Google outage reportedly caused big drop in global traffic
Most Google services, including search, were down for a few minutes Friday, prompting much of the Internet to start the weekend early...and then quickly change its mind.
For a very brief few minutes on Friday you may have noticed some Google services, most notably search, appeared to be down. If not, maybe you noticed the ensuing freak-out across Twitter and the rest of the Internet.
At first glance the flash outage was little more than an opportunity for a few good one-liners and a chance to actually stand up from the keyboard and walk around for a few minutes. If we had connected nanobots floating around in our bloodstreams, certainly they would have registered a worldwide uptick in caffeine intake during those few moments.
As it turns out though, Google's downtime did appear to have global, measurable repercussions, according to analytics firm GoSquared, which estimates that it caused a 40 percent drop in global traffic during a five-minute window:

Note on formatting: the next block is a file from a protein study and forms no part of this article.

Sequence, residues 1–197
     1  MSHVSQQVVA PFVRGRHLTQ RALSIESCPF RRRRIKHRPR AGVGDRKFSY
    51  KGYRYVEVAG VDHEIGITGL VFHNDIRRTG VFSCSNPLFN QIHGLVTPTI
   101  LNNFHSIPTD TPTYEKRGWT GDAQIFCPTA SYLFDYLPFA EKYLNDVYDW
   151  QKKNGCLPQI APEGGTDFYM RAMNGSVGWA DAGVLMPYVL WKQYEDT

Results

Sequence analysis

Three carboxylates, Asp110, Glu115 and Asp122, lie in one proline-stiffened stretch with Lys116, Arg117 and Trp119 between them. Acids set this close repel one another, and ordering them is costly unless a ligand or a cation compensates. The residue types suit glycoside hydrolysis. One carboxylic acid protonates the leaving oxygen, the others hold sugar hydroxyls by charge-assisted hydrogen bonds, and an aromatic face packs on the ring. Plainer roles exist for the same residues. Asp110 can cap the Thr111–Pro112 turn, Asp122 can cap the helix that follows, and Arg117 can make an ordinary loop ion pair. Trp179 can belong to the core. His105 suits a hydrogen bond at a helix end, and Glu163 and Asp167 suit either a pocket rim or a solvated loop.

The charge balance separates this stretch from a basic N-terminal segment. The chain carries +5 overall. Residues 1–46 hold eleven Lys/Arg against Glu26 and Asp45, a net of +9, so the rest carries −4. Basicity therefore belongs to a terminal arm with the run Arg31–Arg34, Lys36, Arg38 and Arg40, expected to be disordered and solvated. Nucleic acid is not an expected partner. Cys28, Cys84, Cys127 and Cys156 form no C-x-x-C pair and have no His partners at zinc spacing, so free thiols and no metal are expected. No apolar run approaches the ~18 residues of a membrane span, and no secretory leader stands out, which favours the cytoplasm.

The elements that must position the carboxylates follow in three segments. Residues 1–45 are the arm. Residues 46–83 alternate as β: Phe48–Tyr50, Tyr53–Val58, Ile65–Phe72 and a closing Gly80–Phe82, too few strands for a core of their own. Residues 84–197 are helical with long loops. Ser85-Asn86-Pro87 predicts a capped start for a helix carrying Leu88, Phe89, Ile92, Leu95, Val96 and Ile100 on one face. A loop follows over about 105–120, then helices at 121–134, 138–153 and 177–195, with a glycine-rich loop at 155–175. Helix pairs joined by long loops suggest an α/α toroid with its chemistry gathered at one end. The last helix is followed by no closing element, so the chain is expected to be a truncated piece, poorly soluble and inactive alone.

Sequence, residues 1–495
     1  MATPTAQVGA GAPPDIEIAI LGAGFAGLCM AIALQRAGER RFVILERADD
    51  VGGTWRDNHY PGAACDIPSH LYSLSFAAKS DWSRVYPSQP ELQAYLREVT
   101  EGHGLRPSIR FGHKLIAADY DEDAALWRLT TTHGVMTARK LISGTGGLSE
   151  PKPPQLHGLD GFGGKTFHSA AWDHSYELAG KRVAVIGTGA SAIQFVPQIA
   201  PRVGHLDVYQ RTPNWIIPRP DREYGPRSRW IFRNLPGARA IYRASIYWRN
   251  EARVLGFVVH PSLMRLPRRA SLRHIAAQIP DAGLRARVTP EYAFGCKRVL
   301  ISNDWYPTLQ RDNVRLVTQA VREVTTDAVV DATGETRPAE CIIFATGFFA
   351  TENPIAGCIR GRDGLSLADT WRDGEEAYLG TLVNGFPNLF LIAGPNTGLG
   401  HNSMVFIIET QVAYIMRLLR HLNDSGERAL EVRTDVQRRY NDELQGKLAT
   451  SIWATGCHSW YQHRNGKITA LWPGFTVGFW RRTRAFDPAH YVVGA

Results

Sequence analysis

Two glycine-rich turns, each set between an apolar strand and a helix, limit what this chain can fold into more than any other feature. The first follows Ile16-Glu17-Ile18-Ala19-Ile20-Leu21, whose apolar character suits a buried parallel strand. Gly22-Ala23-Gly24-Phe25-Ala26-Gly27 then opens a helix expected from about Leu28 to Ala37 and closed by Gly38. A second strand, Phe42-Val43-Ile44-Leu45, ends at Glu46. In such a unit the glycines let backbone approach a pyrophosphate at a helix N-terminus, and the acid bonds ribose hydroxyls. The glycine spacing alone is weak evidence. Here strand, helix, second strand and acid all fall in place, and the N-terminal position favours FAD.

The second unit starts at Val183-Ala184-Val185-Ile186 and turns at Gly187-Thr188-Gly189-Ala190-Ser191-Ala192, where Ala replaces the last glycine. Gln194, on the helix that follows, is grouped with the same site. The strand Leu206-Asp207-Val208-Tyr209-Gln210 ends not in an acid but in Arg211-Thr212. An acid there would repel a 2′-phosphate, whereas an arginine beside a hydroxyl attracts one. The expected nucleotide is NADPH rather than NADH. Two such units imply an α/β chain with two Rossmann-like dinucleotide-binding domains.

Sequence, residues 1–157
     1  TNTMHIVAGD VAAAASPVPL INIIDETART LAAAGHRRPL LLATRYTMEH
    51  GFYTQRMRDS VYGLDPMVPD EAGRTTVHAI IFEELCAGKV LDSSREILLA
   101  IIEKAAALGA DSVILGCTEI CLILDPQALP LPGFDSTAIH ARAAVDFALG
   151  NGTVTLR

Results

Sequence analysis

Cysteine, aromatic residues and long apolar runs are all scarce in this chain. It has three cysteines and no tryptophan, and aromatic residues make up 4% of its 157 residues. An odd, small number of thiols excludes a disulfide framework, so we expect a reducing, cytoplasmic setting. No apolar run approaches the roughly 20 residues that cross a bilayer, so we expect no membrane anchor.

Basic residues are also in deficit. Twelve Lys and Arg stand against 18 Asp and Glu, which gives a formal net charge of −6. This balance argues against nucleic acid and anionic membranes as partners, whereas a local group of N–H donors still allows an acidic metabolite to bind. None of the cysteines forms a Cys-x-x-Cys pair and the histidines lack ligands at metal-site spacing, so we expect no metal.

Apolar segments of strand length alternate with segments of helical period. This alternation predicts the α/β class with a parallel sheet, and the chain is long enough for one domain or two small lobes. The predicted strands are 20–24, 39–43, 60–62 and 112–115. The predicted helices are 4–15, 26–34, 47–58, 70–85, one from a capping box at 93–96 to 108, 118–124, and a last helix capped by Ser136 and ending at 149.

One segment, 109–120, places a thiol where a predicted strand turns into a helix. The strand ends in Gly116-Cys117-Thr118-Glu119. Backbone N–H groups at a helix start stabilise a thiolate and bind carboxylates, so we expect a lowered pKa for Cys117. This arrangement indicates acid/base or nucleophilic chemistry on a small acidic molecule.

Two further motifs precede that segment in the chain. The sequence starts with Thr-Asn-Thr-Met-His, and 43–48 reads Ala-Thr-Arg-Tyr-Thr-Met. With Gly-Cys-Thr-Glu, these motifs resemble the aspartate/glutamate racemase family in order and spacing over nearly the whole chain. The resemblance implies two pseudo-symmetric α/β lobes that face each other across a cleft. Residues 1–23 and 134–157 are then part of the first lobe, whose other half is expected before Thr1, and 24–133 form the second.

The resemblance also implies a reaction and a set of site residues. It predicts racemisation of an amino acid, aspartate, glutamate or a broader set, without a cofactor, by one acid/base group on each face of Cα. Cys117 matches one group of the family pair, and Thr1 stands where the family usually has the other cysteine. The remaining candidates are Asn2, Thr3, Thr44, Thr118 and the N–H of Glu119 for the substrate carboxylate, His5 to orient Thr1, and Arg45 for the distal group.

Google.com was down for a few minutes between 23:52 and 23:57 BST on 16th August 2013. This had a huge effect in the number of pageviews coming into GoSquared's real-time tracking - around a 40% drop, as this graph of our global pageviews per minute shows. That's huge. As internet users, our reliance on google.com being up is huge. It's also of note that pageviews spiked shortly afterwards, as users managed to get to their destination.
Google has acknowledged the outage, which it says has been resolved. The official downtime according to a Google status page was between 1 and 5 minutes.
In related news, Bing and Yahoo still exist, but apparently failed to find a way to target their marketing to Google users during the outage.
Update, 8:05 p.m. PT: to correct the duration of the outage reported by Google.